Monday, July 2, 2018

MOHAWK review, (streaming on Netflix)


The War of 1812 is in the last few weeks of conflict when a British spy seeks allies from a Mohawk tribe, inspiring one to commit a brutal act of sabotage when he burns an American encampment in their sleep. The survivors seek revenge and hunts the Native back to his people where the British spy and their lover, a girl named "Oak", are chased through the wilderness as they seek refuge with a nearby Mission.

Shot with unforgiving brutality, Mohawk eschews the traditional trappings of easy morality and dives deep into deeply troubled waters of xenophobia, fear, and inhumanity. Kaniehtiio Horn delivers a harsh performance as Oak, a woman in a menage trois relationship with fellow native "Calvin" and British spy "Joshua". But it's her story of desperation that drives the film toward it's bloody climax.

Ted Geoghegan (“We Are Still Here”) directs this film like a nightmarish dream that weaves through the North-East wilderness, moments often passing too quickly to be in real time and other moments moving slowly. We walk in circles, lost in mists and darkness, and flickering torches give us pause to the shadows around the characters.

8 out of 10 an a definite recommend. Streaming on Netflix.

Sunday, June 24, 2018

Jurassic World and Incredibles 2

Jurassic World: Fallen Kingdom

Chris Pratt and Bryce Dallas Howard return for another adventure in the latest (planned) Jurassic World trilogy. Fallen Kingdom picks up a few years after the last film, the Island threatened by an extinction level event that will kill off the last of the dinosaurs. It's up to Howard and Pratt to track down "Blue" (The last film's surviving Raptor) and rescue her from the island along with several other species. Working under the auspices of the benevolent Lockwood and his company, the pair quickly find themselves pawns in a larger game of corporate espionage.

Fallen Kingdom is a fun and somewhat frivolous ride with plenty of eye-popping visuals. The dinosaurs own the film (as they should) and we get plenty of huge action sequences. The trailer spoils much of the early portion of the film and we quickly move from the island and, oddly, condense the film's primary narrative to fairly enclosed spaces. The movie loses much of it's charm when it exits the jungle and we're left shut in for a majority of the films run time.

7 out of 10, and a mild recommend. Great big budget Hollywood fun.


A movie fourteen years in the making...

And, of course, Pixar manages to re-capture much of the magic that made the first film work as well as it did.

Unfortunately, the film also walked back some of the previous film's progress and character arcs in order to fulfill some familiar themes. Whereas we left the family about to do battle with the Underminer, the film opens at that point and we see that things do not go very well in the battle that follows. In fact, it goes downright awful and the massive damage to public property reinforces the public's outcry against super heroics. The family, once working like a team, are now back to squabbling and uncertainty with their lives.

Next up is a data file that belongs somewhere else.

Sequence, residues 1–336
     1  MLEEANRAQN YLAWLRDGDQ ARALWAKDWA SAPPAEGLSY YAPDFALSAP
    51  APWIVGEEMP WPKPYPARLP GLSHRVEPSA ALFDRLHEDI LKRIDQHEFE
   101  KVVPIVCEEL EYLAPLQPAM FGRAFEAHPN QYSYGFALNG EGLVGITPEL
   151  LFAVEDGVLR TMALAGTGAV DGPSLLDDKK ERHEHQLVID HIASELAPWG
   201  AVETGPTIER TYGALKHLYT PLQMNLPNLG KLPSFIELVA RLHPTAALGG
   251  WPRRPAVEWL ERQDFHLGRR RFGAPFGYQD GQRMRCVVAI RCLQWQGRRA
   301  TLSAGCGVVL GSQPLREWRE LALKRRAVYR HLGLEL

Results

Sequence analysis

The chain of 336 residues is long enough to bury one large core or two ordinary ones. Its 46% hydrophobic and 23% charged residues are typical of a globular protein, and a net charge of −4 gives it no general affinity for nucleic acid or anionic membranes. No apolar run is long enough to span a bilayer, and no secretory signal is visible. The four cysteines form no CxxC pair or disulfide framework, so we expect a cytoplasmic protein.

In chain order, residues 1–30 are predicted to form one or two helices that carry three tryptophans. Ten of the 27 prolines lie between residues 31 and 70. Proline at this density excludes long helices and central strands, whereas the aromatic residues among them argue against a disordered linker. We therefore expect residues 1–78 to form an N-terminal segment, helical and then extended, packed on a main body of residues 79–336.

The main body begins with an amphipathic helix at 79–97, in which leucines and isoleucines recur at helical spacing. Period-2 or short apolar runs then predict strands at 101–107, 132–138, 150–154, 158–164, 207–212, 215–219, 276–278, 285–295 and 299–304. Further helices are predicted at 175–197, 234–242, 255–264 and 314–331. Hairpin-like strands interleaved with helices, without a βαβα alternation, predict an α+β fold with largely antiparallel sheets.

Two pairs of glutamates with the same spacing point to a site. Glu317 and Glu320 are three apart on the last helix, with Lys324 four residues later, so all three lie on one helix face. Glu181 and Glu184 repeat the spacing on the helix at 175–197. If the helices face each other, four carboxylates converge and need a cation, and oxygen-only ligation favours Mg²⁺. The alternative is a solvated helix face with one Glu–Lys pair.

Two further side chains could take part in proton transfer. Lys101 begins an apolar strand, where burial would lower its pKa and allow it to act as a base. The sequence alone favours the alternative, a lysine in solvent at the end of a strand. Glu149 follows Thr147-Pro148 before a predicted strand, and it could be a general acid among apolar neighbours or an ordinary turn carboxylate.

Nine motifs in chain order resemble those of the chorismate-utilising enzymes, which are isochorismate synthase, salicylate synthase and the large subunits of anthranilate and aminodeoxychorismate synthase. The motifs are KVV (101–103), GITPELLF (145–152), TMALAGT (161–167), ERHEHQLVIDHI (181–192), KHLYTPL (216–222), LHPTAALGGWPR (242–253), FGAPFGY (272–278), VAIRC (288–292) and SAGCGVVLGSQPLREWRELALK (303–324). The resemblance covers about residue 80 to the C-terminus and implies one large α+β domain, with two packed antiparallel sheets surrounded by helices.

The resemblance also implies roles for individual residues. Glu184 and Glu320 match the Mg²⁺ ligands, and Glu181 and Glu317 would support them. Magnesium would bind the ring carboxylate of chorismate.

Luckily, multi-billionaire and pro-super advocate Winston Deavor has a plan to bring heroes back into the public's good graces. His entire plan revolves around the less "destructive" Elasti-Girl, and the Parr Family must now make due with Mom leaving the nest and letting Dad be the home-maker. Cue the shenanigans!

While much of the film feels like a familiar retread, there are some great sequences and the characters are faced with some new challenges. New Heroes step into the mix and a new villain, the nefarious "Screenslaver"!

8 out of 10 and a recommend.

Sunday, June 3, 2018


This review may contain spoilers.

In an age where smart cars are driving themselves, "Upgrade" doesn't seem so far off from where we are heading. Like all good sci-fi stories, there's the ever encroaching progress of technology that threatens to remove our humanity and replace it with something "better" and more capable. People are replaced by machines- they don't drive their own cars, human police rely on drone cameras, we're given implants, and the list goes on. And all of this surrounds and weaves it's way through this "Deathwish"-inspired jaunt or vengeance.

Grey Trace (Logan Marshall-Green) is a stay at home mechanic specializing in classic cars. His wife is a tech-savvy of the Cobalt corporation. After delivering his latest rebuild to Eron Keen, the couple are victims of a malfunctioning smart car and a gang of street mercenaries. His wife is killed in front of him and Grey is left a paraplegic from the neck down. The police investigation stalls and Grey is at rock bottom, looking for an end. Which is where Eron steps in and offers the man another option- installation of STEM, a computer chip that will fuse and activate the nerve responses and move Greys' body for him.

What transpires is a blood-fueled roaring rampage of revenge as STEM reveals itself to be far more advanced than Eron suggested and far more capable of helping then Grey thought imaginable. With the hosts express permission, STEM is even able to turn Grey's body into a deadly weapon. But don't be fooled by the action, the suspense, or the direction of the story- this is a tale of horror at it's very core.